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Quick credits ice and luck with mysterious save

Thursday, 03.31.2011 / 2:24 PM / NHL Insider

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Quick credits ice and luck with mysterious save
Kings goalie Jonathan Quick said no, he can't control pucks with his mind, which many suspected after his mysterious save last week against the Flames. So how did it happen?
It had been suspected Jonathan Quick had supernatural powers after his inexplicable save against the Calgary Flames last week, where the puck mysteriously changed direction and bounced away from an open net.

Quick finally admitted it Wednesday in Vancouver.

"It's no secret that I have mind control," Quick told the Vancouver Sun.

The Los Angeles Kings goaltender was just having fun with the save he made against Jarome Iginla, where the puck squeezed through his pads, skipped on the ice and made a hard right turn. It looked as if the puck hit an invisible wall.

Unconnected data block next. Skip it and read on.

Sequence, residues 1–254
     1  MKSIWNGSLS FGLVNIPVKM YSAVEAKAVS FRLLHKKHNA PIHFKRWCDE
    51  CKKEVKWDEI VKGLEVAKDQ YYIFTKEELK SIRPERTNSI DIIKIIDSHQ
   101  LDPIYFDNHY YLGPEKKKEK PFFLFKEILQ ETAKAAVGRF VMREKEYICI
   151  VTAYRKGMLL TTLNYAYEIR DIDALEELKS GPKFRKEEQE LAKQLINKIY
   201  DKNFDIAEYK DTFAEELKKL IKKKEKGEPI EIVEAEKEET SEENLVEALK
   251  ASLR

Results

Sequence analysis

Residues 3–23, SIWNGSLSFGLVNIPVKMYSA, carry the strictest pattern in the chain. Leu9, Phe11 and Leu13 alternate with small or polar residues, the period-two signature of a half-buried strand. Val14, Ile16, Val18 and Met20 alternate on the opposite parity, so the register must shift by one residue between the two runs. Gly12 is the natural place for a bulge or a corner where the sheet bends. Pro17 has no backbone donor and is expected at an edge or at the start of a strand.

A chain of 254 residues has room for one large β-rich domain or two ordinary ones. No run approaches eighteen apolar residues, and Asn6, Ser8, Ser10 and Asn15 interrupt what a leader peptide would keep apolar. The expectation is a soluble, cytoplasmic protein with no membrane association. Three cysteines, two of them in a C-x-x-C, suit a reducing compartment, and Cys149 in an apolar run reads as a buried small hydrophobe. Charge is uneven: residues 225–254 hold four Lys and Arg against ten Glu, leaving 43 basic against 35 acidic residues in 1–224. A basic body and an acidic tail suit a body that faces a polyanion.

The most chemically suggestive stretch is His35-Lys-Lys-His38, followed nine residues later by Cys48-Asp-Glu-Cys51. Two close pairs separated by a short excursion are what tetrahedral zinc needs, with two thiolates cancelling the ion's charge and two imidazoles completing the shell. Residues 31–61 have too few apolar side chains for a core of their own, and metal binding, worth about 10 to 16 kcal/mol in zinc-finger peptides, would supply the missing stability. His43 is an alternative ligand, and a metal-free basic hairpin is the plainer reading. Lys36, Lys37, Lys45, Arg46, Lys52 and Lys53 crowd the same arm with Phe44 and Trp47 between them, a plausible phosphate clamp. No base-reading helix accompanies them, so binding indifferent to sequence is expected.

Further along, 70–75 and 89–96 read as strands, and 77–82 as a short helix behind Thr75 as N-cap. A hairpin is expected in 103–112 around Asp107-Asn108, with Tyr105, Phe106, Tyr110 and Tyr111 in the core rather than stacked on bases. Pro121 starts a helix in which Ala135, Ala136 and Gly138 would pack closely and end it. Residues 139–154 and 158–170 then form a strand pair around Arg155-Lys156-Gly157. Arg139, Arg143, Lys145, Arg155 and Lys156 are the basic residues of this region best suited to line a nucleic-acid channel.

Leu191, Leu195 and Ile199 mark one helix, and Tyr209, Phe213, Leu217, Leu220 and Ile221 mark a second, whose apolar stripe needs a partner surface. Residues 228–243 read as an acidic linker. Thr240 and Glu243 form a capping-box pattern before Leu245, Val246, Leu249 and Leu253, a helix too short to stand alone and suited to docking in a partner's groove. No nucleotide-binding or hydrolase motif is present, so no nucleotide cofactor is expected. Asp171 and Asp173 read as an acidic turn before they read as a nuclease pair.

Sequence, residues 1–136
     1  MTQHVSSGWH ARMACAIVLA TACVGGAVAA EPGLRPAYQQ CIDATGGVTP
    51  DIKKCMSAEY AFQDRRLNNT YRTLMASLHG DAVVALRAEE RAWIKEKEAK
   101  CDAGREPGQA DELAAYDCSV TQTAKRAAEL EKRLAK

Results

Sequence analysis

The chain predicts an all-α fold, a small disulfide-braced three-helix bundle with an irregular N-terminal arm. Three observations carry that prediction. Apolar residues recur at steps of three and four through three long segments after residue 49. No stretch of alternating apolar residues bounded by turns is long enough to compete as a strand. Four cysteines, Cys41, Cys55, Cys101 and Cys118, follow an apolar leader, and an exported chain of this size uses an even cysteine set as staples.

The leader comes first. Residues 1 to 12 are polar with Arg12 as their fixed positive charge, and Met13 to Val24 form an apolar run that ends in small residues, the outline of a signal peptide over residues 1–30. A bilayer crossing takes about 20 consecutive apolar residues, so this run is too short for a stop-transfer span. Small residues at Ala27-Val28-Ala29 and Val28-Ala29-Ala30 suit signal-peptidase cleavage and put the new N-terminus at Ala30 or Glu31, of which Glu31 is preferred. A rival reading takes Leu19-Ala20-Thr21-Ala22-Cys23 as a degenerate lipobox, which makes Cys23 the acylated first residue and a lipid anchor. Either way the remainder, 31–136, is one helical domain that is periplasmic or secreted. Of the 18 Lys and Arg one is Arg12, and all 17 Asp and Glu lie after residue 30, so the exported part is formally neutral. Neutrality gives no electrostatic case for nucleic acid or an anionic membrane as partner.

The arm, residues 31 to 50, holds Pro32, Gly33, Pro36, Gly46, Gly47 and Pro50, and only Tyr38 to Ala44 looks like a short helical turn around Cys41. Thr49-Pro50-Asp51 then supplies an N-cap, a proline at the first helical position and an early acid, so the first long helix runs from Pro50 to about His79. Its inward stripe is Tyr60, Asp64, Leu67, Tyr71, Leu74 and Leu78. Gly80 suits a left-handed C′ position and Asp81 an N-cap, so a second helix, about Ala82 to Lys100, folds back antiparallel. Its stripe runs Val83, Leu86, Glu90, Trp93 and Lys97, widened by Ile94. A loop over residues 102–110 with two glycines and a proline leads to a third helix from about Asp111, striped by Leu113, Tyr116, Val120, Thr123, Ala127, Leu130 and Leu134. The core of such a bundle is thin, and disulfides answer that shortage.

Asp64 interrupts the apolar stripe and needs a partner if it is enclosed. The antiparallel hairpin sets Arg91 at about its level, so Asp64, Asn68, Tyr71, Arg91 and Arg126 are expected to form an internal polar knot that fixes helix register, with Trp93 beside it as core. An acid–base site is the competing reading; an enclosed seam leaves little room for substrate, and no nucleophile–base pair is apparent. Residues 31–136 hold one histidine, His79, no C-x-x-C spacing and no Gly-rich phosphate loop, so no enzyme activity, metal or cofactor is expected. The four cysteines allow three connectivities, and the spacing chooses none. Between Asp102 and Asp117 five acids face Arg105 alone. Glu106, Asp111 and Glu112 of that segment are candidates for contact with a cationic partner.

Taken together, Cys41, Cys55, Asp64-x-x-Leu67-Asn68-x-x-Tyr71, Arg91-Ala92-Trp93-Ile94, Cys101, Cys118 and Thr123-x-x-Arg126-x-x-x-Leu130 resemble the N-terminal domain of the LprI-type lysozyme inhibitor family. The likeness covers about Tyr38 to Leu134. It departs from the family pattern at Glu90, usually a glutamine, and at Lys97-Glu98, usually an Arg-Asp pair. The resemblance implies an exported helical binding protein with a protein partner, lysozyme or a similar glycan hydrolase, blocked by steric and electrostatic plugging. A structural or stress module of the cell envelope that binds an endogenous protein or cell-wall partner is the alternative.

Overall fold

Quick tried his best to explain the phenomenon Wednesday.

"I remember after it hit my blocker I was sure it was going in the net and when I turned around and saw it going out the other end I was super relieved. We ended up winning in a shootout so that would have made a big difference in the game."

The save showed up everywhere in the days that followed, including on ESPN's "Pardon the Interruption" with Tony Kornheiser and Michael Wilbon.

"It was great to get the national TV exposure," Kings coach Terry Murray said. "Anytime you get the right kind of exposure for the game it's a good thing."

"I didn't even realize the bounce it took until seeing it on PTI," said Quick. "I had to shake my head. Still, I never would have guessed it would have got the play it did."

Quote of the Day

You get the right the whistles at the right times, you can leave him out there. He's a beast when it comes to being on the ice. I thought [Saturday] he was a big man. That first period, he did that lateral cut and it was like three bowling pins bounced off him. There's not too many guys that can do that.

— Capitals coach Barry Trotz on Alex Ovechkin, who enters February tied for the NHL lead in goals